Lord Robert Baden-Powell, (February 22, 1857 - January 8, 1941) was a soldier, writer and founder of the world Scouting movement. He was the sixth of eight sons amongst ten children. His father served as the Savilian Professor of Geometry at the University of Oxford and died when Robert was just three years of age.
His first introduction to scouting skills was stalking and cooking animals, and avoiding teachers, in nearby woods, which were strictly out-of-bounds for the school that he attended. He also played the piano and violin, was an ambidextrous artist of some talent, and enjoyed acting. Holidays were usually spent on yachting or canoeing expeditions with his brothers.
Baden-Powell served in the British Army from 1876 until 1910 in India and Africa. In 1899, during the Second Boar War in South Africa, Baden-Powell successfully defended the town in the Siege of Mafeking. A Boer army of in excess of 8,000 men surrounded him and his troops. Although wholly outnumbered, the garrison withstood the siege for 217 days, and much of this is attributable to some of the cunning military deceptions instituted at Baden-Powell's behest as commander of the garrison. As a result, Baden-Powell became a national hero back home.
On his return home, Baden-Powell found that his military training manual "Aids to Scouting" had become something of a best seller, and was being used by teachers and youth organizations. Following a meeting with the founder of the Boys' Brigade, Sir William Smith, Baden-Powell decided to re-write Aids to Scouting to suit a youth readership, and in 1907 held a camp on Brownsea Island for 22 boys of mixed social background to test out some of his ideas, which is now seen as the beginning of the Scouting movement.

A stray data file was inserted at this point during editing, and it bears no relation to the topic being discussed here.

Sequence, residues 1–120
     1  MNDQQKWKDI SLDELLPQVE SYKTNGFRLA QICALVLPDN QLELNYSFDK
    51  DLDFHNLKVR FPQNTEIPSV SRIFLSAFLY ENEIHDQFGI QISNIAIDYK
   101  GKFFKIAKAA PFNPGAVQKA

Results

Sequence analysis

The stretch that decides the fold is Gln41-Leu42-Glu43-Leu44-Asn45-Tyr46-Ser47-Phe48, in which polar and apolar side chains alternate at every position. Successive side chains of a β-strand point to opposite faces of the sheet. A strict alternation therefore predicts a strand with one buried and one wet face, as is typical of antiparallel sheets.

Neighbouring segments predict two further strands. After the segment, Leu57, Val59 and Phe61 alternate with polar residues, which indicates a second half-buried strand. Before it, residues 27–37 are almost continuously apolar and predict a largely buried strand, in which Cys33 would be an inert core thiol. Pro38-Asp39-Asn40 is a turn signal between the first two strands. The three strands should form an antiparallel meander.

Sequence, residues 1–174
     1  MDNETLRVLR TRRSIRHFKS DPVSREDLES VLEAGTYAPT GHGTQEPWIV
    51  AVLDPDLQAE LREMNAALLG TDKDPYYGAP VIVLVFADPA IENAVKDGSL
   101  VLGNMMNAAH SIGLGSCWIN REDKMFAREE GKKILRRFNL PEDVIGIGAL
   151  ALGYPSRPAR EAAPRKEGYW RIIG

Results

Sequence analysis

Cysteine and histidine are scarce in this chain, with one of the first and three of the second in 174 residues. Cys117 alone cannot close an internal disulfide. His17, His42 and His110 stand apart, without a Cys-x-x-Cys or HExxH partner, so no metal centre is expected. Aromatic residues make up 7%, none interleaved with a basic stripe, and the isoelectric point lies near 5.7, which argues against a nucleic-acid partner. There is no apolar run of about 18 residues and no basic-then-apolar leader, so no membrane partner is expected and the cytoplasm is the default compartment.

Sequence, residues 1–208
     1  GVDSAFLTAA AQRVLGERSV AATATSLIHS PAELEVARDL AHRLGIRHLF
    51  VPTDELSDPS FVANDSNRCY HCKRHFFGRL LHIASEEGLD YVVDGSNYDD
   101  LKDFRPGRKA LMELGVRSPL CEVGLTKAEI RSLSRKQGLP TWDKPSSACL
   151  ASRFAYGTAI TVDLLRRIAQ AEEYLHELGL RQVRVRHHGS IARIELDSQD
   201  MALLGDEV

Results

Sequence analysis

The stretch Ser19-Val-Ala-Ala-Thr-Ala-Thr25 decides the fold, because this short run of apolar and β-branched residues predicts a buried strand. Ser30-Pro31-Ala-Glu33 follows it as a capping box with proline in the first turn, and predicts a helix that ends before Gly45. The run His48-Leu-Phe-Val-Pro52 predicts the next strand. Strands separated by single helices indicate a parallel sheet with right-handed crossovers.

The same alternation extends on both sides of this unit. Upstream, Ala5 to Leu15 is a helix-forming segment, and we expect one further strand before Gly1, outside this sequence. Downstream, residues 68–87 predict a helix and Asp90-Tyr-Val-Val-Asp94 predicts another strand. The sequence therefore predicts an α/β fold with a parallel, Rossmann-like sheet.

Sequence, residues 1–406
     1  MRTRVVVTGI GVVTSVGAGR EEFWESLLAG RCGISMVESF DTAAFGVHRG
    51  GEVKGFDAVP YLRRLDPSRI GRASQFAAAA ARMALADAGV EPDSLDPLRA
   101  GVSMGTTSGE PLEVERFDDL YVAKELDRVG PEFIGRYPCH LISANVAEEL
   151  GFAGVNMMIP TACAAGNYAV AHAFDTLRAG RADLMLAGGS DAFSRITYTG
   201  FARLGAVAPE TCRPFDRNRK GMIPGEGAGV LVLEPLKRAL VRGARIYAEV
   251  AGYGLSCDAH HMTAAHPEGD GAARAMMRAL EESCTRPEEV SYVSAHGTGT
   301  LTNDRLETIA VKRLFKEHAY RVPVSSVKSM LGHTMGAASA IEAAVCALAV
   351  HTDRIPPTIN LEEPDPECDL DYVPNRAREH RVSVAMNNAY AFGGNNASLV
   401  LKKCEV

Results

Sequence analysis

“Scouting for Boys” was subsequently published in 1908 in six installments. Boys spontaneously formed Scout troops and the Scouting movement had inadvertently started, first a national, and soon an international obsession.
Although he could have continued his military career, Baden-Powell decided to retire from the Army in 1910 on the advice of King Edward VII, who suggested that he could better serve his country by promoting Scouting.
Under his leadership, Baden-Powell brought Scouting to the youth of the world and the world Scouting movement grew. By the end of 1910, there were over 100,000 Scouts in England. In 1922, there were more than a million scouts in 32 countries and by 1939; the number of Scouts had grown in excess of 3.3 million. Baden-Powell became appropriately known as the “Chief Scout of the World”